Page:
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Researching Your Family History

Ireland has made significant strides in digitising family history and genealogy resources, making it easier for people to trace their Irish ancestry. Some of the key local and national resources are outlined below.

National Records

Irish Census Records: The National Archives of Ireland has digitised and made available online various census records, particularly those from 1901 and 1911.  The records can be searched by the family name and by townland and the website provides detailed guidelines on how to search the records.  The Central Library, Waterford and Dungarvan Library also hold microfilm copies of the 1901 and 1911 census records.

[ Visit Website ]

Civil Registration Records: Records of births, deaths, and marriages are available through this Irish government website. This includes records from 1845 onwards with the majority being from 1864 onwards.  It is a comprehensive starting point for various Irish ancestry records.
[ Visit Website ]

Church Records: Many Irish church records have been digitised and are now available online via the National Library of Ireland. These amazing Catholic Parish Registers include records of baptisms, marriages, and burials, which can be cross-referenced with other sites for verification.
[ Visit Website ]

Griffith’s Valuation: This is a comprehensive valuation of property in Ireland completed in the mid-19th century and is invaluable for tracing ancestors during that period. It’s available online through various genealogy websites, including “Ask about Ireland”.  [ Visit Website ]

Tithe Applotment Books: These are records from the 1820s and 1830s, listing those who paid tithes to the Church of Ireland. These records, from the National Archives of Ireland, can be useful for tracing ancestors before the Famine.  [ Visit Website ]

PRONI : The Public Record Office of Northern Ireland.  This service is the official archive for Northern Ireland and has a range of different archives that are of value to your family or local history research.  [ VISIT WEBSITE ]

Local Records

Burial Records in Waterford:  If they survive, original burial registers are kept by the local registrar/secretary of the parish. For contact details for Roman Catholic parishes in County Waterford please check the website for the Diocese of Waterford and Lismore, and for contact details for the Church of Ireland, please check the website for the United Dioceses of Cashel, Ferns, Ossory, Leighlin, Lismore and Waterford.

  • As mentioned above, many of these Parish Registers are now online via the National Library of Ireland.  [ See Registers ]
  • Waterford Archives also holds some Funeral Books from local undertakers.  [ See Funeral Books ]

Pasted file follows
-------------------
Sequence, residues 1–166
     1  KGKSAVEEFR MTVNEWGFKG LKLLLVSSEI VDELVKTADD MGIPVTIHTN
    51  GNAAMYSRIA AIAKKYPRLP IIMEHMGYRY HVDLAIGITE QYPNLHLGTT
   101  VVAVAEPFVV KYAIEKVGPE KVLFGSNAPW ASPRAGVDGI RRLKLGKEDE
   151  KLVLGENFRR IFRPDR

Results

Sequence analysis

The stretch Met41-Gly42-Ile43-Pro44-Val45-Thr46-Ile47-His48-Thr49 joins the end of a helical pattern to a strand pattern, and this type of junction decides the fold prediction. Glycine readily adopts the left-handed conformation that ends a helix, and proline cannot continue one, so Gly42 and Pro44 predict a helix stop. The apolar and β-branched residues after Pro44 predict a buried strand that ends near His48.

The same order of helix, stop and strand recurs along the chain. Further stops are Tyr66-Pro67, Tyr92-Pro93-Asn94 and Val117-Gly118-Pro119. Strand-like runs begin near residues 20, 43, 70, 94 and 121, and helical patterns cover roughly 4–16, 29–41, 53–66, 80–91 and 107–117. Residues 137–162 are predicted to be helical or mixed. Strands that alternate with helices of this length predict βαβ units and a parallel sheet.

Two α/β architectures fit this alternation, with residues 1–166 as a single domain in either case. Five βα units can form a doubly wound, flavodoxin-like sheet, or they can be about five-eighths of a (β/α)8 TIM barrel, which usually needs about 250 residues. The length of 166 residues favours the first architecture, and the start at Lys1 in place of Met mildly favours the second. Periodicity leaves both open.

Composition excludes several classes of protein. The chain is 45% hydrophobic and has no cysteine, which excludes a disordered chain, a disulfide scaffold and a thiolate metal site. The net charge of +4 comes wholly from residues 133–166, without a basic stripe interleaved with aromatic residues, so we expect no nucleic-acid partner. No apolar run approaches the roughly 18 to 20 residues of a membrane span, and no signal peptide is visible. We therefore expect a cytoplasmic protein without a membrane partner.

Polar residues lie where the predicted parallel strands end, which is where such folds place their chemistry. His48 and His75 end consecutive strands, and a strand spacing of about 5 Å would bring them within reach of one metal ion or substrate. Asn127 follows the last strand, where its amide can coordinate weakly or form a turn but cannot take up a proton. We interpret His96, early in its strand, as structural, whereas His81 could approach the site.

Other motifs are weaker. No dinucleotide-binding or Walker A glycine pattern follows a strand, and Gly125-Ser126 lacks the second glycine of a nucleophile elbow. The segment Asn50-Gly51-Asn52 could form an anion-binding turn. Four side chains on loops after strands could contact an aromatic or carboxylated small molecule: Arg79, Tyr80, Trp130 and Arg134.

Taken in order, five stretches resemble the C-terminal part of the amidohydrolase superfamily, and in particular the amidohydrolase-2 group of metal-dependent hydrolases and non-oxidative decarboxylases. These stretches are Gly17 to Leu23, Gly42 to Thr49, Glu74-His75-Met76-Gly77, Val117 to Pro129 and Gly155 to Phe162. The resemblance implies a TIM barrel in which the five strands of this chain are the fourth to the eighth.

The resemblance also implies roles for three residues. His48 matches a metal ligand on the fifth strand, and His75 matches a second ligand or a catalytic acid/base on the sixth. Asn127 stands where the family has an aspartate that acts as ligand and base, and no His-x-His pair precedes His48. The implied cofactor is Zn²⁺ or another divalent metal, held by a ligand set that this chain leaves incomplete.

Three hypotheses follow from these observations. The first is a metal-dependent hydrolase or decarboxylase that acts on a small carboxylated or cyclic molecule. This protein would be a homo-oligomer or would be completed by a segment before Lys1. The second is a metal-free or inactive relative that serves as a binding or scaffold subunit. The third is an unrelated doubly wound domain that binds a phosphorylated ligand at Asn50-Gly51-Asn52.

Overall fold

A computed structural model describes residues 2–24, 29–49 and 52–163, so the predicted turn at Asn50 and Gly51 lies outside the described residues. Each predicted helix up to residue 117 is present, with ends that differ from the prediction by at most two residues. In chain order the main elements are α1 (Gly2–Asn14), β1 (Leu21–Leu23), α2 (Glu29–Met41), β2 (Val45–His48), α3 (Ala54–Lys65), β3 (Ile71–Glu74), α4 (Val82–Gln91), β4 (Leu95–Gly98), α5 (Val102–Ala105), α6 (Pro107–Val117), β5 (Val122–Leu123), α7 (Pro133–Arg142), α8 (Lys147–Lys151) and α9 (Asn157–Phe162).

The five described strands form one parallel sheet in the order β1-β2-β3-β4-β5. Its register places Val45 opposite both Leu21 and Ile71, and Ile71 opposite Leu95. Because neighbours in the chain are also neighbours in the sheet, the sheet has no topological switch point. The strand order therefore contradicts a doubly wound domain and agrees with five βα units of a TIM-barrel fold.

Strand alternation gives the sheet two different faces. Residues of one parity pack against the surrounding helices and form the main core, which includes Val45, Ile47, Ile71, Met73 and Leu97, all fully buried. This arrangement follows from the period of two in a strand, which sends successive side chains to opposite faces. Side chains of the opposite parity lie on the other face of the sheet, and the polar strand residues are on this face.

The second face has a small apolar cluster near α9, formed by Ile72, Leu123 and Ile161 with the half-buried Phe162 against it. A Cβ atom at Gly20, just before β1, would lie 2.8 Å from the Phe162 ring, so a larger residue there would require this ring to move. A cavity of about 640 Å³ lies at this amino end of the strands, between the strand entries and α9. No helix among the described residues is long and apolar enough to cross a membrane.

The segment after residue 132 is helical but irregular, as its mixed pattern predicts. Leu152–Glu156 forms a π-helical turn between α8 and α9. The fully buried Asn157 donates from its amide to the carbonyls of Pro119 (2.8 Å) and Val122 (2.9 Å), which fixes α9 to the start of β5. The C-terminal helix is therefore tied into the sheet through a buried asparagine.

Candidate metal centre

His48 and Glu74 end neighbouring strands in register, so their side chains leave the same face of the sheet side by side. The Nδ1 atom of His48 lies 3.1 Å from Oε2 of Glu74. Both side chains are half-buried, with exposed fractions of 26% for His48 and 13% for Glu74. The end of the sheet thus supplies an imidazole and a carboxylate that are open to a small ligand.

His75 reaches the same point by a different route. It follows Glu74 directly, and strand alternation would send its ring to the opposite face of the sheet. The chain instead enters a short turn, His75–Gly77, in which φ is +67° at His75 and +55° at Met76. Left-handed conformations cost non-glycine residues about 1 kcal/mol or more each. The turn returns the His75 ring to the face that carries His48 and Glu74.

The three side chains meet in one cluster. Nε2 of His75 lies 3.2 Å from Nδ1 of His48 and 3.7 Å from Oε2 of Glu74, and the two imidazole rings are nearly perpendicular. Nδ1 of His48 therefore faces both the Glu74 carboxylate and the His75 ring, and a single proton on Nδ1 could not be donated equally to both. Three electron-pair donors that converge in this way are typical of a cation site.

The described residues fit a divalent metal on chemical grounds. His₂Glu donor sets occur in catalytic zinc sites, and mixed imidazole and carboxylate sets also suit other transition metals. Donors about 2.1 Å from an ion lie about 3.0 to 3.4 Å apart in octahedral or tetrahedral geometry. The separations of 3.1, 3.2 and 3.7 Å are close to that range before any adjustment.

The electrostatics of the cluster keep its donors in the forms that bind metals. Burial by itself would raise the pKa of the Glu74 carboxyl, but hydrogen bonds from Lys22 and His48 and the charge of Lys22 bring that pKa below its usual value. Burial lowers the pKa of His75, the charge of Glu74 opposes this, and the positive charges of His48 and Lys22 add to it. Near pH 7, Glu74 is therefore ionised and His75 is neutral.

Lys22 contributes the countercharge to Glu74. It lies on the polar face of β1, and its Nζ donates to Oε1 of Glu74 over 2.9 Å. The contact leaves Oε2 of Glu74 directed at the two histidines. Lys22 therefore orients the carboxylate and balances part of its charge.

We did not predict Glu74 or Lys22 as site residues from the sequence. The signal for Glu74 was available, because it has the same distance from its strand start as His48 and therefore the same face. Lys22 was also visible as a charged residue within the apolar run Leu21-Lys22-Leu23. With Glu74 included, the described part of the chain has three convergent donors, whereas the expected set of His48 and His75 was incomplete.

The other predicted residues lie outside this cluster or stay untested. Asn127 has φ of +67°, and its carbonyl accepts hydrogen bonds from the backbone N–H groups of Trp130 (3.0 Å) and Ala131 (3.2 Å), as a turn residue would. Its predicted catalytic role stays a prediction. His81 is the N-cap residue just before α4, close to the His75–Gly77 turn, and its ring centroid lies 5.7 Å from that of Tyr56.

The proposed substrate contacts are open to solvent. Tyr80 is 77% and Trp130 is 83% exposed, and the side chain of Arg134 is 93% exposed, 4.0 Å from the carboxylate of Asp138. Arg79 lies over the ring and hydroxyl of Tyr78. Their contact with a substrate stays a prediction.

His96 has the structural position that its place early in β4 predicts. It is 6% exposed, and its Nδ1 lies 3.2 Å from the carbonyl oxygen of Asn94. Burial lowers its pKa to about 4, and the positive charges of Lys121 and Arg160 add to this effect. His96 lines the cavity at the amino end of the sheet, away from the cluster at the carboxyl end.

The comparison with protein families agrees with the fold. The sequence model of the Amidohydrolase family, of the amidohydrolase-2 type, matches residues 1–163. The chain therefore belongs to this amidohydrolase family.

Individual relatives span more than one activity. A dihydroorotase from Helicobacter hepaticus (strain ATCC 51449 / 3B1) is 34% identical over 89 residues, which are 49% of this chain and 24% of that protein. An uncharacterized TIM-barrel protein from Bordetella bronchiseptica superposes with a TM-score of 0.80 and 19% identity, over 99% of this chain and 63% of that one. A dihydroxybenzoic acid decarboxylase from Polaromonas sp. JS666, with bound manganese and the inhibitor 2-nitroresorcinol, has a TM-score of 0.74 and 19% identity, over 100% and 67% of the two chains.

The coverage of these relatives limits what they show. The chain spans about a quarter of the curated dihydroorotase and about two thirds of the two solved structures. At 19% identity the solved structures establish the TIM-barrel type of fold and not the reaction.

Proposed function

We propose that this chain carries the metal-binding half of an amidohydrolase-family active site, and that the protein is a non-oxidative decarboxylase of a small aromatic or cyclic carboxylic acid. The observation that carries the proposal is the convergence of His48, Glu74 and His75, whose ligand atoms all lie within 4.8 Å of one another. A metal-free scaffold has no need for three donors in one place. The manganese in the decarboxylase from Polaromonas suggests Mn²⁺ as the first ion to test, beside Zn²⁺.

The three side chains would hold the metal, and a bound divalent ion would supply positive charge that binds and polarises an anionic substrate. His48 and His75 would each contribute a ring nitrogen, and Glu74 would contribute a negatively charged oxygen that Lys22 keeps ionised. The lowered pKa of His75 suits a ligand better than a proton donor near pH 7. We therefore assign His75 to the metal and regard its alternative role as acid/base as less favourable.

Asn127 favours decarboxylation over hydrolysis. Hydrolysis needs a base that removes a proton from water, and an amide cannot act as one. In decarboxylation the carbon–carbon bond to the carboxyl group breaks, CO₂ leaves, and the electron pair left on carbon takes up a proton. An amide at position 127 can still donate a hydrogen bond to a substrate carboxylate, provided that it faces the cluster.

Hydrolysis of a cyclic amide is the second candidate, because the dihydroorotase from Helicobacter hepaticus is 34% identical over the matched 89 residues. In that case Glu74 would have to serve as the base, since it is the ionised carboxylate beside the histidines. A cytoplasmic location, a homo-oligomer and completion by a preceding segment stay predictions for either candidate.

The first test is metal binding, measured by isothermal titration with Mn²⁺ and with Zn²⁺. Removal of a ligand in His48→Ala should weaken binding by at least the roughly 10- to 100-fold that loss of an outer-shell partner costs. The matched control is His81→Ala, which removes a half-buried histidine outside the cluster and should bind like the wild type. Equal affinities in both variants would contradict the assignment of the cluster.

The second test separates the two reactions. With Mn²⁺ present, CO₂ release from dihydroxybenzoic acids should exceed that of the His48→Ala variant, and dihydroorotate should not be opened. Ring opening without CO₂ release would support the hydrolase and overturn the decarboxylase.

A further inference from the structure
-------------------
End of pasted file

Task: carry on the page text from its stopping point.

Grave Inscriptions Database: There are many burial grounds for which no burial registers survive, many grounds that are closed, or some that are not in the ownership of the local parish. Local community groups and Solas have worked together to clean and record information from headstones in a number of burial grounds throughout the City and County. The information from this work has been collated and is available in a searchable online database at Waterford City and County Library

[ Visit Grave Inscriptions Database ]

Death Register Database: Searchable database of Waterford civil records from 1864 to the early 1900s.  [ Visit Death Register Database ]

Burial Registers: Waterford City and County Archives has digitised the burial registers that survive from the local ‘Sanitary Authorities’. The burial registers have been provided as PDF documents but where there is an index in a register, this can be used to locate specific entries. Maps of each of the burial grounds have also been provided. You can click on each of the maps provided and enlarge them to enable individual plot numbers to be visible on the map.    [ Jump to Burial Registers page ]

Register of Townland names: When searching census records, remember to try different spellings of surnames e.g. Walsh, Welsh, Walch. In some cases, the spelling may be different or the name was not transcribed correctly, which can make the person difficult to locate by searching solely for the name. In these cases you can browse the census forms online by location. In order to do this, you will need to know the townland name and the Electoral Division.  [ Download Database of Standardised Placenames ]

The details on the census forms can also be used to lead to the next research step. The ages given on the census forms are not always accurate but they do give a place to start when searching for birth records. The 1911 census asked how long a couple were married and subtracting this from 1911 provides the year of the marriage and can be used to track down the marriage certificate or marriage record in the parish records.

Church Records:

The Church recorded baptisms, marriages and deaths prior to the introduction of Civil Registration in 1864.Copies of Waterford parish registers for the Catholic Church are held on microfilm and available at the Central Library, Waterford and Dungarvan Library. Appointments for the microfilm service are available by contacting the Central Library or Dungarvan Library. Microfilm sessions are one hour to a maximum of two per day. [ View what microfilm reels are available ]

As mentioned above, these items are now also available online through the National Library of Ireland.

Church of Ireland
The parish records for the Church of Ireland are available from the National Archives of Ireland or the Representative Church Body Library at :

Methodist Church
The parish records for the Methodist Church are held with the Church of Ireland records and for further information see

Presbyterian Church
The records of the Presbyterian Church can be consulted by contacting the Presbyterian Historical Society on their website at